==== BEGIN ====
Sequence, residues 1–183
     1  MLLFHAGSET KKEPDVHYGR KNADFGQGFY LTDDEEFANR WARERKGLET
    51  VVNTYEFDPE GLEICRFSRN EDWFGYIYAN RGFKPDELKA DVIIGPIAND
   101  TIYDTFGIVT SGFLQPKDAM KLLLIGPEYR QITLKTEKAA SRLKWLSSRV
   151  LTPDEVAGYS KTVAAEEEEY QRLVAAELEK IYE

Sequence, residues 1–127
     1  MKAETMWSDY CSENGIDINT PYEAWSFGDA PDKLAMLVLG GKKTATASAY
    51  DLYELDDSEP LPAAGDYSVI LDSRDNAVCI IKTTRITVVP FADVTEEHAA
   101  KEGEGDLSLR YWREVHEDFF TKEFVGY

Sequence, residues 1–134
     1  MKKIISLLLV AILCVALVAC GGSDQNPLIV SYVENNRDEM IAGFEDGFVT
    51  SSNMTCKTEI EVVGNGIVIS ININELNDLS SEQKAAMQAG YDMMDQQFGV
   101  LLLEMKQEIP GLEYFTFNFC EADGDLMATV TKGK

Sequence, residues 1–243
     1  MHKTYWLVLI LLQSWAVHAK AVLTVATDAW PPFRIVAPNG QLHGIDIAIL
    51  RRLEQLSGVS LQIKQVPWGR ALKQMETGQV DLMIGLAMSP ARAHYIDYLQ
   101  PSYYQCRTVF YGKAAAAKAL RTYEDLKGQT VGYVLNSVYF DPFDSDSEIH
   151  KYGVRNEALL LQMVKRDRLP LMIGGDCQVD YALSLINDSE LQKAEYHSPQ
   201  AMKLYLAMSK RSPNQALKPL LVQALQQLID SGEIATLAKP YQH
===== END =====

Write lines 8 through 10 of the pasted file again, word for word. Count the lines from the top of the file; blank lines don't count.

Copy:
    51  DLYELDDSEP LPAAGDYSVI LDSRDNAVCI IKTTRITVVP FADVTEEHAA
   101  KEGEGDLSLR YWREVHEDFF TKEFVGY

Sequence, residues 1–134